Take care,

Forum admin. 

Posted : 22nd May 2019 10:29 pm
A 9
 A 9

Hi agios My name's Alan and I'm a Compulsive gambler . 

I feel your pain coming  through the word's you write and am sorry your having to go through this .

I can't comment on if you should stay or leave as I know nothing of your long term  relationship other than what's been said tonight  and if or not you feel this is worth fighting for or saving . 

What I can tell you from a Compulsive gambler point of view who's so deep in addiction is that unfortunately you'll never change him until he's ready for change  , him deflecting questions and turning thing's around until they point back towards you  as being the reason for him gambling and being unhappy because it's you that make him that way  are all the main traits of a gambler that's so deep in denial that a problem even exits and be assured he'll continue along this path simply because it allows him to continue life in his gambling bubble .

He's shown no remorse , he contributes nothing to household bills ,which allows him to fund his habit without question , he'll not seek help nor admit a problem and saying " He'll get help and maybe talk to someone one day ? that's just for your benefit and clinging to the hope that again one day he'll change but for him it means he can carry on at least until the next round of questions means coming up with another excuse . 

He's actually got the life that most gamblers would dream of " what a perfect enviroment you've allowed him to have  " ?. 

I can't tell you to leave but I can tell you that you need to start thinking about yourself , if you give him an ultimatum ? kick him out ? and he seeks proper help , contributes and offers you complete transparency then you have a fighting chance of change but if the same ultimatum brings you nothing ........we'll your questions answered really ? .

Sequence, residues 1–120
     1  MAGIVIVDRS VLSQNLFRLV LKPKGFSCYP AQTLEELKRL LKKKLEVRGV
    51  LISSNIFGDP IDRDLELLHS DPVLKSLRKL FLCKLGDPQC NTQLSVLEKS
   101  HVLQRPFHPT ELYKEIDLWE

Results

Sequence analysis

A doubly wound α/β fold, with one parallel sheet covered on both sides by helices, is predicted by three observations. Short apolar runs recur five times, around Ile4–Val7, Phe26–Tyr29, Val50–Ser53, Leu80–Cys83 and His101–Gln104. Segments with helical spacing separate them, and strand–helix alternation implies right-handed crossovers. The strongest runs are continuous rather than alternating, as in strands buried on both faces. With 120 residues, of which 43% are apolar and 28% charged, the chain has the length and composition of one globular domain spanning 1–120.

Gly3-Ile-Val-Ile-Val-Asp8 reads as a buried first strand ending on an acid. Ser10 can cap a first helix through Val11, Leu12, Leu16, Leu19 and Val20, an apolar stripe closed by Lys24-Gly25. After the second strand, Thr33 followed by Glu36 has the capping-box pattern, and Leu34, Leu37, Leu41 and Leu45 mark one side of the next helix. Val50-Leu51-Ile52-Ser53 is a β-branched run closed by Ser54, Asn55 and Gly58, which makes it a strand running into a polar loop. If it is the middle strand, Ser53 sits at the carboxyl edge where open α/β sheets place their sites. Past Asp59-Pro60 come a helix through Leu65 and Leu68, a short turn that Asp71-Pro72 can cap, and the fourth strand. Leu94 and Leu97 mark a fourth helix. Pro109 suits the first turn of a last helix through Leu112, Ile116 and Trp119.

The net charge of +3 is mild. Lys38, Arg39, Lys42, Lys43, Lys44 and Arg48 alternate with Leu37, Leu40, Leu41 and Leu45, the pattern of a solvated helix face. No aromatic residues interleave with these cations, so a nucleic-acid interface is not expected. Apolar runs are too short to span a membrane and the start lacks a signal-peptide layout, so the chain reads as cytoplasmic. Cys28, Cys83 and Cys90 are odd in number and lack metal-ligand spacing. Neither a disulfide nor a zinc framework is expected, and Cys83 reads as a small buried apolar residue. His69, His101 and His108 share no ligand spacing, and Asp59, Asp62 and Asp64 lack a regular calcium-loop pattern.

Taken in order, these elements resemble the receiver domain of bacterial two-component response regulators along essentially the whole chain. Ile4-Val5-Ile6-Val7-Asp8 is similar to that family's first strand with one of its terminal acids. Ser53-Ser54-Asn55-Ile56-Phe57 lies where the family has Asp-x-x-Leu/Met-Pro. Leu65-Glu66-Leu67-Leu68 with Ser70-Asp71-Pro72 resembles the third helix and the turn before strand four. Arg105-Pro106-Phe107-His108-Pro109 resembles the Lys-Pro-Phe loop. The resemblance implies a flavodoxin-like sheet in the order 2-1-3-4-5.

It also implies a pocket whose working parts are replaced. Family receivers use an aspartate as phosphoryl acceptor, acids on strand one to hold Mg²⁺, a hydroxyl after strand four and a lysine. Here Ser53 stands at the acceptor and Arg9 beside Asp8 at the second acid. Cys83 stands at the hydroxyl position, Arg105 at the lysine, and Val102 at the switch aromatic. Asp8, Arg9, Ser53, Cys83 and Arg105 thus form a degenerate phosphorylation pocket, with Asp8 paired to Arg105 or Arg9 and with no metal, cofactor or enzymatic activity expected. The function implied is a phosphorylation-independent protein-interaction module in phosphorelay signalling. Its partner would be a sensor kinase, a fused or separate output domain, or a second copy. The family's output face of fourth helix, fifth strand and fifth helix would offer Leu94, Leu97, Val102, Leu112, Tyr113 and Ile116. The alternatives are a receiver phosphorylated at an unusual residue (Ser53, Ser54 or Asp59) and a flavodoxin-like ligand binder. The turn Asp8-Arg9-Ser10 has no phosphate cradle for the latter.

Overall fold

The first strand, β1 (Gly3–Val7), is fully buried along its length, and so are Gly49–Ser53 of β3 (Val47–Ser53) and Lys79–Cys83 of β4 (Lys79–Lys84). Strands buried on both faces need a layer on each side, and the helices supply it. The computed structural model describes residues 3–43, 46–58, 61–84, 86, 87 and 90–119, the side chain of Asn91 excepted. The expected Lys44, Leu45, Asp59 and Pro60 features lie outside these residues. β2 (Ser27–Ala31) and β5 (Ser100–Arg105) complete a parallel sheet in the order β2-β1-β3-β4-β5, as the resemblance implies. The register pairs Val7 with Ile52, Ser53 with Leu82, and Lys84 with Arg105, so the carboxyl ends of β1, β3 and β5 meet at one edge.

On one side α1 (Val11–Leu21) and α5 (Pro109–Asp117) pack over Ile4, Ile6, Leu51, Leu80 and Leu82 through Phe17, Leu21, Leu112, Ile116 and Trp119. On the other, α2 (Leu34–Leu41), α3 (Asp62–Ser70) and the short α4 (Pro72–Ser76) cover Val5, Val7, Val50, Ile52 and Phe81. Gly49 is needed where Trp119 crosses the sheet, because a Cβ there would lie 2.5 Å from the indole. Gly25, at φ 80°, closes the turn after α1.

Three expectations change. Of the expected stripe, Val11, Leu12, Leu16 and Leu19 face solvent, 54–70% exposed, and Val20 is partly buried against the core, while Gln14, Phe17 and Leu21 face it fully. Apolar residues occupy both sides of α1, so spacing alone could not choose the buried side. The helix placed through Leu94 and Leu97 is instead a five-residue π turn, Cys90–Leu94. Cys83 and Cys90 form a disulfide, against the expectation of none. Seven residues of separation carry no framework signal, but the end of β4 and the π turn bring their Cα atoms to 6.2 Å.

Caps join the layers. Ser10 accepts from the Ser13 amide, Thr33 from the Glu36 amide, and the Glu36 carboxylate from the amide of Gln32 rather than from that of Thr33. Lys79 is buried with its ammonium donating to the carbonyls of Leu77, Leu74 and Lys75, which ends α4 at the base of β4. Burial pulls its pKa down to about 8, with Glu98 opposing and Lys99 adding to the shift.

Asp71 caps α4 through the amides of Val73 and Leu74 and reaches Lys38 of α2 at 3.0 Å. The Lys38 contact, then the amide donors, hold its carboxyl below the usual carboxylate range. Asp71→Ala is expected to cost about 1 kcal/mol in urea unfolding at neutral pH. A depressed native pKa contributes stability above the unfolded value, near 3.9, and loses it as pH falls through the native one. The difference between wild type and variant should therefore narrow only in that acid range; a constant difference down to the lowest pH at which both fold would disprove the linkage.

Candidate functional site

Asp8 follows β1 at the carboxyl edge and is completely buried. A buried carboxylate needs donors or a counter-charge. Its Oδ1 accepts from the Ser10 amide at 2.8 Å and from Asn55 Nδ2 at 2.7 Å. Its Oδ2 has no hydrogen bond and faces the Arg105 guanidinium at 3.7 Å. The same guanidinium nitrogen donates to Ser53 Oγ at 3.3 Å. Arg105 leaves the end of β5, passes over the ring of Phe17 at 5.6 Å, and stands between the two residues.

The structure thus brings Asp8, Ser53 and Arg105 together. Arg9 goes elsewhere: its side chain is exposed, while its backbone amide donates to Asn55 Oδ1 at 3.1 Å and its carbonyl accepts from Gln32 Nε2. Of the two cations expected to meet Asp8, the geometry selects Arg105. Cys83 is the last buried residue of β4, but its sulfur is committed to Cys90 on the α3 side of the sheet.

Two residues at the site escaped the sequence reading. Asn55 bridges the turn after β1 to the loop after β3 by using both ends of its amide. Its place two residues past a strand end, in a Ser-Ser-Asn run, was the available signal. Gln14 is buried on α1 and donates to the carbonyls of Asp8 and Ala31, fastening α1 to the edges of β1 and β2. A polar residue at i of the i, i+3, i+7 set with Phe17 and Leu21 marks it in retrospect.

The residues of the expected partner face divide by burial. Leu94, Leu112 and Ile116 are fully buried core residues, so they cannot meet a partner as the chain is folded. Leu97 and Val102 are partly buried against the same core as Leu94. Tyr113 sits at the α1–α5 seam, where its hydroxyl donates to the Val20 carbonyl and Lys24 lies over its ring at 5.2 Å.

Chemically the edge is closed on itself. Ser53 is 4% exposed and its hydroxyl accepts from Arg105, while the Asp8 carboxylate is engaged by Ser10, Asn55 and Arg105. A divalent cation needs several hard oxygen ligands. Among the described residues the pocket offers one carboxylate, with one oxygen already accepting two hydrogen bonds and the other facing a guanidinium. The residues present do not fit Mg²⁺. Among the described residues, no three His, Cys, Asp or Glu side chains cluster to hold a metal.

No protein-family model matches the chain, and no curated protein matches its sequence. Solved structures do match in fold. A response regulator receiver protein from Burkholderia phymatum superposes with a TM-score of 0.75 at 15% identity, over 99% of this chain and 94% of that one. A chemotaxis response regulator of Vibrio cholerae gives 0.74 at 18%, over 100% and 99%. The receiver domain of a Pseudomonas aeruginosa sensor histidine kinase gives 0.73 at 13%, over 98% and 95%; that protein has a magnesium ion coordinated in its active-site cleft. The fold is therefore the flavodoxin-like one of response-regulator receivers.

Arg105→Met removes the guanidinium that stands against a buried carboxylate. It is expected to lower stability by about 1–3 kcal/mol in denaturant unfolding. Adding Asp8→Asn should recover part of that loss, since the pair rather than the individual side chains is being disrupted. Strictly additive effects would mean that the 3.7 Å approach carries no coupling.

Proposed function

" Nothing changes if nothing changes " 

I wish you well x

Posted : 22nd May 2019 11:40 pm

What he said  ^

Posted : 23rd May 2019 5:17 am
Cynical wife

It’s not too late to change your life but no white knight is going to step in and do it for you. As they say in AlAnon, if you don’t want to be a doormat, get up off the floor.

The choice isn’t about staying or leaving, maybe long term but certainly not yet. But you could choose to change how you respond to his abuse, you could start learning how to look after yourself, you could start learning resilience. You could decide to stop making everything about him and when he’ll cop on (he won’t) and start learning how to your own decisions about how you want to live your own life.

The starting point is regular meetings for you, both GamAnon and CoDA. There’s also a lot of literature out there, the CoDA booklets, Robin Norwood “Women who Love Too Much”, Pia Mellody, Melodie Beatty. 

Change starts with you and your choices are your own.


Posted : 23rd May 2019 7:01 am

You've covered most of the standard points in your post and come to your own conclusions.

He has no incentive to stop all the time you pay the bills, cover for him with others and shield him from any consequences to what he's doing. Staying in the relationship for your daughter diverts from the real issues you need to consider one of which is that she's living in a toxic environment now. He's not going to change until he wants to which could be tomorrow, could be never.

How do you want life to be?

Posted : 23rd May 2019 10:19 am